There are two ways of cutting a deficit: raising taxes or reducing spending. Raising taxes means taking money from the rich. Cutting spending means taking money from the poor. Not in all cases, of course: Some taxation is regressive; some state spending takes money from ordinary citizens and gives it to banks, arms companies, oil barons and farmers. However, in most cases the state transfers wealth from rich to poor, while tax cuts shift it from poor to rich.
So the rich, in a nominal democracy, have a struggle on their hands. Somehow they must persuade the other 99 percent to vote against their own interests: to shrink the state, supporting spending cuts rather than tax rises. In the US, they appear to be succeeding.
Partly as a result of the Bush tax cuts of 2001, 2003 and 2005 (shamefully extended by US President Barack Obama), taxation of the wealthy, in Obama’s words, “is at its lowest level in half a century.”
The consequence of such regressive policies is a level of inequality unknown in other developed nations. As the Nobel laureate Joseph Stiglitz points out, in the past 10 years, the income of the top 1 percent has risen by 18 percent, while that of blue-collar male workers has fallen by 12 percent.
The deal being thrashed out in Congress as this article goes to press seeks only to cut state spending.
As the former Republican senator Alan Simpson says: “The little guy is going to be cremated.”
That means more economic decline, which means a bigger deficit. It is insane. How did it happen?
The immediate reason is that Republican members of Congress supported by the “Tea Party” movement will not budge, but this explains nothing. The Tea Party movement mostly consists of people who have been harmed by tax cuts for the rich and spending cuts for the poor and middle class.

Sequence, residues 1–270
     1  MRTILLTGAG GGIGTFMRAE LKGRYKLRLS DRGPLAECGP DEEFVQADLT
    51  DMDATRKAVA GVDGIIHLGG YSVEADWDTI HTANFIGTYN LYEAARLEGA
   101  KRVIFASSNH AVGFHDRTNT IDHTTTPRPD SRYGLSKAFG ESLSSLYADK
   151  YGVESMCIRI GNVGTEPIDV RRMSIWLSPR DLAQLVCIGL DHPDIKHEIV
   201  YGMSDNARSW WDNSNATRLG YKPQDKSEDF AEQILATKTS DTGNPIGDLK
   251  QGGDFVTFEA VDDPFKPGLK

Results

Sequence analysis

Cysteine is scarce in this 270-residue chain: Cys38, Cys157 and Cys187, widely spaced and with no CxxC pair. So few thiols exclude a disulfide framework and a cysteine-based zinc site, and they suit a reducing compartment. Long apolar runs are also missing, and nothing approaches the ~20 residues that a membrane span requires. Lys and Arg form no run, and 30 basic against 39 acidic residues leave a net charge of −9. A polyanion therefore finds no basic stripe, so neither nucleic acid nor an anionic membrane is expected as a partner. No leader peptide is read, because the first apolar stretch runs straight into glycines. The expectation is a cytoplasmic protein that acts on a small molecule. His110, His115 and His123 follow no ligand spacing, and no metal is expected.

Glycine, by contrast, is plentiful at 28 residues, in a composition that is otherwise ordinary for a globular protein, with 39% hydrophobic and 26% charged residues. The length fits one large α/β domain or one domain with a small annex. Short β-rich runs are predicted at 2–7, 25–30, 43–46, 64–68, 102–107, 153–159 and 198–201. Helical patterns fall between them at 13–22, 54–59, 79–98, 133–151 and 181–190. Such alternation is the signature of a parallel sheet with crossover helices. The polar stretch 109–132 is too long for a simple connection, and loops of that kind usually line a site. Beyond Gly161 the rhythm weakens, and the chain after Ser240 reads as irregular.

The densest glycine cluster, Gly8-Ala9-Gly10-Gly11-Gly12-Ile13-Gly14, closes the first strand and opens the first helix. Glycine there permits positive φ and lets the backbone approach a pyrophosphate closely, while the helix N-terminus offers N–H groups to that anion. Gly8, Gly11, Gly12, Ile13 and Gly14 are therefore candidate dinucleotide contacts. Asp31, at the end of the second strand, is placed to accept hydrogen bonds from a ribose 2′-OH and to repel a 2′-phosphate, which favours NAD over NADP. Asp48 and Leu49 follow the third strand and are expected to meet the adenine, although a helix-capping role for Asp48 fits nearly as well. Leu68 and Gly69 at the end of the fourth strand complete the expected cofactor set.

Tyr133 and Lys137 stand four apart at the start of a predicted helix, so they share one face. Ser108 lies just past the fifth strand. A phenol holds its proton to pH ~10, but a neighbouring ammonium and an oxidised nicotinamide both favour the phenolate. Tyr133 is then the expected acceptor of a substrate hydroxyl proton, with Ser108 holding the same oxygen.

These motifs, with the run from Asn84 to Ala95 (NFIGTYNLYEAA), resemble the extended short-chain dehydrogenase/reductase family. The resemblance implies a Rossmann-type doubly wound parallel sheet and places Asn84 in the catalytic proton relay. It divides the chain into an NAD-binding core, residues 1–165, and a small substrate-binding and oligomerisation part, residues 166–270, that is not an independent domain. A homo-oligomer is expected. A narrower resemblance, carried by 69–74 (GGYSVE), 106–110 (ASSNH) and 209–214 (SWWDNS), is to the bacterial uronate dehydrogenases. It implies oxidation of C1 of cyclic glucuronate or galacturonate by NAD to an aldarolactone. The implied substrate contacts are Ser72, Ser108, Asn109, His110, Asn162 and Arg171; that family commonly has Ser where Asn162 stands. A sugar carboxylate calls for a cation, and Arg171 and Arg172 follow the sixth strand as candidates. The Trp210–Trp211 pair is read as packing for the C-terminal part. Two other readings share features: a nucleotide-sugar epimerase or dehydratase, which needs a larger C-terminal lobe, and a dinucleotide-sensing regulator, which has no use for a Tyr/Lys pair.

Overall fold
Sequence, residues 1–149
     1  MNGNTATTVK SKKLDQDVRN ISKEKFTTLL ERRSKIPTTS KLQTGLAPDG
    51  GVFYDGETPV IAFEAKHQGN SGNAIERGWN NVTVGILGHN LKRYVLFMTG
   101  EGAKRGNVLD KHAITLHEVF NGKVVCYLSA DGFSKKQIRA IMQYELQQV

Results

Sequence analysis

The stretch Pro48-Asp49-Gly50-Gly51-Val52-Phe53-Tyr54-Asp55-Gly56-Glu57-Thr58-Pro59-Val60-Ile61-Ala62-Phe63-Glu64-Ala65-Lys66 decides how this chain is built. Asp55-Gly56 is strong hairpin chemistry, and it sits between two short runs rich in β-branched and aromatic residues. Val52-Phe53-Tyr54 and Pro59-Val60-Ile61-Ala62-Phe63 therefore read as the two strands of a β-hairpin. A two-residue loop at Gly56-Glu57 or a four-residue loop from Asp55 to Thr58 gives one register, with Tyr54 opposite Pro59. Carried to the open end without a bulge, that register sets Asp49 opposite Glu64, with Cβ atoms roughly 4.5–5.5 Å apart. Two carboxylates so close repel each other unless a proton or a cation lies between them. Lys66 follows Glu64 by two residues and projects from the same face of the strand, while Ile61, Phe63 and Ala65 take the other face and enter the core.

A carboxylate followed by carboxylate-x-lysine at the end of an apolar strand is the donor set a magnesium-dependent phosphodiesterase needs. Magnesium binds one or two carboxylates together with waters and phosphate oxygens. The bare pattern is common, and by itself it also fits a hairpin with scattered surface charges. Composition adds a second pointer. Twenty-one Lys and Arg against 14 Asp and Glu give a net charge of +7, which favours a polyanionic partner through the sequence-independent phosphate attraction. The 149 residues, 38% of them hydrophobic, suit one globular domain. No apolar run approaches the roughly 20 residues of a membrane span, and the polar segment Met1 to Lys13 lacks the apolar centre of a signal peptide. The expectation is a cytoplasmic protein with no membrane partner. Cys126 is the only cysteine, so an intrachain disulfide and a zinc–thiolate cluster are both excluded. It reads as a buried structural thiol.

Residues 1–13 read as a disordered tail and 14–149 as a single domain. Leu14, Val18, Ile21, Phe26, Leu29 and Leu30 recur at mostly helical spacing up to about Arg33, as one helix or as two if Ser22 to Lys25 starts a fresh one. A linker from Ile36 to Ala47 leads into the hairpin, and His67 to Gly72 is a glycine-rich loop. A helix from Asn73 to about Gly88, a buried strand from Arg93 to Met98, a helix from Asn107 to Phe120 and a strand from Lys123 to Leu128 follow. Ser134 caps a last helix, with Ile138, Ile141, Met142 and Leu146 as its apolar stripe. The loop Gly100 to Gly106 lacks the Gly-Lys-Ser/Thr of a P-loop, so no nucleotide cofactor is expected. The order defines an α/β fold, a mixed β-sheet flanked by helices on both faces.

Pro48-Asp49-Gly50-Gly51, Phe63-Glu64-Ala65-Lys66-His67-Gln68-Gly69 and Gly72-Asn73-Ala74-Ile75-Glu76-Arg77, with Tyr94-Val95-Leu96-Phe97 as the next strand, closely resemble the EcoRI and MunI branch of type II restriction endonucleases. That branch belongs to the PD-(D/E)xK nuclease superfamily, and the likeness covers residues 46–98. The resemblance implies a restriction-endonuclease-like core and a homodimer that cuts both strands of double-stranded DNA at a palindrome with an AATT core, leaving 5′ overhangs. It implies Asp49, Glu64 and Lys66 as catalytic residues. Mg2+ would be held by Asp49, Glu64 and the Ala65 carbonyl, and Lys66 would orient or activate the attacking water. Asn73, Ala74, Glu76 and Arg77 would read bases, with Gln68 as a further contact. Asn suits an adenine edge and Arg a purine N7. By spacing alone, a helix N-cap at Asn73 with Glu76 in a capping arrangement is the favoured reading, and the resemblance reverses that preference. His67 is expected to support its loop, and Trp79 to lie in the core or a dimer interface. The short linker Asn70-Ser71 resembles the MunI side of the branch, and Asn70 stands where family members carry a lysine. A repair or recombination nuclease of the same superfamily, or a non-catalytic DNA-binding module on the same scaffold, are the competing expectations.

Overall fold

Why would they mobilize against their own welfare? You can understand what is happening in Washington only if you remember what everyone seems to have forgotten: how this movement began.
On Sunday, the Observer claimed that “the Tea Party rose out of anger over the scale of federal spending, and in particular in bailing out the banks.”
This is what its members claim. It is nonsense.
The movement started with Rick Santelli’s call on CNBC for a tea party of city traders to dump securities in Lake Michigan, in protest at Obama’s plan to “subsidize the losers.” In other words, it was a demand for a financiers’ mobilization against the bailout of their victims: people losing their homes.
On the same day, a group called Americans for Prosperity (AFP) set up a Tea Party Facebook page and started organizing Tea Party events. The movement, whose program is still lavishly supported by AFP, took off from there.
So who or what is Americans for Prosperity? It was founded and is funded by Charles and David Koch. They run what they call “the biggest company you’ve never heard of,” and between them they are worth US$43 billion. Koch Industries is a massive oil, gas, minerals, timber and chemicals company.
In the past 15 years, the brothers have poured at least US$85 million into lobby groups arguing for lower taxes for the rich and weaker regulations for industry. The groups and politicians the Kochs fund also lobby to destroy collective bargaining, to stop laws reducing carbon emissions, to stymie healthcare reform and to hobble attempts to control the banks.